Achilles pain

Whilst my research focus is mainly on back pain, I have  a lot of clients with  Achilles tendinopathy, i though i might as well add a few  articles with advice on remedial treatment for sore achilles.

If you are going to a party and want to show off, you simply must drop the name  Silbernagel into the conversation. He is quite famous in coming up a type of training to help with Achilles Pain. He was part of the team  who researched “A Randomized Controlled Study Continued Sports Activity, Using a Pain-Monitoring Model, During Rehabilitation in Patients With achillies tendonosis” published in Am. J. Sports Med. 2007

That team tried this protocol:

Phase 1: Weeks 1-2 Patient status: Pain and difficulty with all activities, difficulty performing ten 1-legged toe raises

Goal: Start to exercise, gain understanding of their injury and of pain-monitoring model Treatment program: Perform exercises every day

  • Pain-monitoring model information and advice on exercise activity
  • Circulation exercises (moving foot up/down)
  • 2-legged toe raises standing on the floor (3 sets × 10-15 repetitions/set)
  •  1-legged toe raises standing on the floor (3 × 10)
  • Sitting toe raises (3 × 10)
  • Eccentric toe raises standing on the floor (3 × 10)

Phase 2: Weeks 2-5 Patient status: Pain with exercise, morning stiffness, pain when performing toe raises

Goal: Start strengthening Treatment program: Perform exercises every day

  • 2-legged toe raises standing on edge of stair (3 × 15)
  • 1-legged toe raises standing on edge of stair (3 × 15)
  • Sitting toe raises (3 × 15)
  • Eccentric toe raises standing on edge of stair (3 × 15)
  • Quick-rebounding toe raises (3 × 20)

Phase 3: Weeks 3–12 (longer if needed) Patient status: Handled the phase 2 exercise program, no pain distally in tendon insertion, possibly decreased or increased morning stiffness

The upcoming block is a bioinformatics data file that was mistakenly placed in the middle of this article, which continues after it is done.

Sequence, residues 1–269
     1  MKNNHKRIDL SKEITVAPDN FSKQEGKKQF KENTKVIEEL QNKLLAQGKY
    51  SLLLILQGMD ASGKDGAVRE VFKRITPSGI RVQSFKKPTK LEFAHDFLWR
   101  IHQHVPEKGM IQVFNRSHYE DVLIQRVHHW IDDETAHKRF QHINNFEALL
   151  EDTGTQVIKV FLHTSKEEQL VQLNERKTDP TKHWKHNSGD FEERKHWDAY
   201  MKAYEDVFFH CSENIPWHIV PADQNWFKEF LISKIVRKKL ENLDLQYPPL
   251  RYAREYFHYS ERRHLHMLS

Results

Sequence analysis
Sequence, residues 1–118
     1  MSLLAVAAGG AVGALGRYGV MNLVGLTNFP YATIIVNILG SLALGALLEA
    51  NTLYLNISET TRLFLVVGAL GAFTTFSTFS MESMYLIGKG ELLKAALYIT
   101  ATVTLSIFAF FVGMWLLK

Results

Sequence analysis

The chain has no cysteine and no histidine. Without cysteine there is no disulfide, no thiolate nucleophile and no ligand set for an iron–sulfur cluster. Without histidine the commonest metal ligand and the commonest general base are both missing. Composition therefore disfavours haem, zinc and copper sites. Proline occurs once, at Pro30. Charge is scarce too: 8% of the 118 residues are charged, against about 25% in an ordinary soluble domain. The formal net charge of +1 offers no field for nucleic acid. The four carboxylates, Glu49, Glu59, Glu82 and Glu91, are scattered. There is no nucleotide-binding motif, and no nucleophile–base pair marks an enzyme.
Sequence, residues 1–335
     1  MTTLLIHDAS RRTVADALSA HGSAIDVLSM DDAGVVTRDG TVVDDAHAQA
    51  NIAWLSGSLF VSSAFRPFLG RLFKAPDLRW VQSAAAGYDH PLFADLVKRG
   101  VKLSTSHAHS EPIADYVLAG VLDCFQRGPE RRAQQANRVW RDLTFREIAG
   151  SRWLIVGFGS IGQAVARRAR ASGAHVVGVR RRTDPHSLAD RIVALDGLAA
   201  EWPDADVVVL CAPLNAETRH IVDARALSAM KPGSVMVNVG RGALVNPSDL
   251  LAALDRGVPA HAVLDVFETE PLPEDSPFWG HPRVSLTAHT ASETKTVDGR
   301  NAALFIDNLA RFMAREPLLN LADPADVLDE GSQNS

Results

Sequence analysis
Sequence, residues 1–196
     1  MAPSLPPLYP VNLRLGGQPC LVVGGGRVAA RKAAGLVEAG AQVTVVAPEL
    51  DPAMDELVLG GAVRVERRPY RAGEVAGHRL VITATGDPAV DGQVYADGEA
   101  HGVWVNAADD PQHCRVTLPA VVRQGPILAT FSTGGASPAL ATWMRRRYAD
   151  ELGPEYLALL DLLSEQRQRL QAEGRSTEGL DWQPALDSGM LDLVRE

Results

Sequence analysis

Goal: Heavier strength training, increase or start running and/or jumping activity Treatment program:

Perform exercises every day and with heavier load 2-3 times/week

  • 1-legged toe raises standing on edge of stair with added weight (3 × 15) • Sitting toe raises (3 × 15)
  • Eccentric toe raises standing on edge of stair with added weight (3 × 15) • Quick-rebounding toe raises (3 × 20)
  • Plyometric training :Phase 4 Week 12–6 months (longer if needed)

Patient status: Minimal symptoms, morning stiffness not every day, can participate in sports without difficulty

Goal: Maintenance exercise, no symptoms Treatment program: Perform exercises 2-3 times/week

Guess what: you practice pain!!!

Its the same with anything, the more you practice, the better you become: perfect practice makes perfect performance.

But, this great secret of super performers (practice, practice, practice,) is the same for those with chronic pain. The better you get at sending pain messages, the more it hurts.

This is great if you are  a masochist, but sucks  a bit  for the rest of us.

“Simply put, pain that persists can become chronic because your neurons become more efficient at transmitting pain signals. The strengthening of connections between neurons through repeated use is called Long Term Potentiation, (LTP).

Dr. Darnall said “The results also underscore the importance of non-pharmacologic psycho-behavioral treatments for chronic pain and also for anxiety,” she added. “When people learn skills to decrease the physiological markers of anxiety or stress, they are simultaneously treating pain.”

Anxiety amplifies pain, so it seems there is  a lot in that tree hugging hippy crap of relaxing and thinking happy thoughts: certainly being negative and depressed does not help your pain

Read another review here

Lumo lift

Am i a fan of ?

Hmm, I need to think about this.

The proposition seems logical. A system that “knows” when you are holding  a static “correct posture”and holds you to it.

I think my only reservation is the idea that there is a correct  static posture. Certainly you need a stiff core, but your position when seated,  is best often  changed  ( see some of the observations by McGill).

But, if it  reduced your slouching by  say  15 minutes a day , and encouraged you to learn a bit more about your posture, and improved your general back hygiene,  the £80 seems totally worth it.

But, It could fall into the Standing desk error. There are very few safe static postures!  if you work at a desk, rotate between kneeling, sitting, sitting side on, standing ,holding a lunge.

I suspect , having tested a similar system ( the computer’s camera kept your head in a frame) that its  possible to get a “good reading” in as much as you haven’t “tipped” the sensor, but, you have  actually collapsed your back.

Ill try and test that out with this product.